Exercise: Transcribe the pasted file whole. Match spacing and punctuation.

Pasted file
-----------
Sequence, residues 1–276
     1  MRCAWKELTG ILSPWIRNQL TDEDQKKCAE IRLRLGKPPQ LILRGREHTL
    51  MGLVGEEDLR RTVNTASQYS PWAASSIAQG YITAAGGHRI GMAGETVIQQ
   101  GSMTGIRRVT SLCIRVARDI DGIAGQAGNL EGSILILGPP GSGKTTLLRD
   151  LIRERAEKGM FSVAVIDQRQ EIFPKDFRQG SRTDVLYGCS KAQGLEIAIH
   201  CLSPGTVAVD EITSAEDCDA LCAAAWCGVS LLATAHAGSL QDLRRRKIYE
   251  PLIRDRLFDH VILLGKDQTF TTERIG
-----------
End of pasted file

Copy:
Sequence, residues 1–276
     1  MRCAWKELTG ILSPWIRNQL TDEDQKKCAE IRLRLGKPPQ LILRGREHTL
    51  MGLVGEEDLR RTVNTASQYS PWAASSIAQG YITAAGGHRI GMAGETVIQQ
   101  GSMTGIRRVT SLCIRVARDI DGIAGQAGNL EGSILILGPP GSGKTTLLRD
   151  LIRERAEKGM FSVAVIDQRQ EIFPKDFRQG SRTDVLYGCS KAQGLEIAIH
   201  CLSPGTVAVD EITSAEDCDA LCAAAWCGVS LLATAHAGSL QDLRRRKIYE
   251  PLIRDRLFDH VILLGKDQTF TTERIG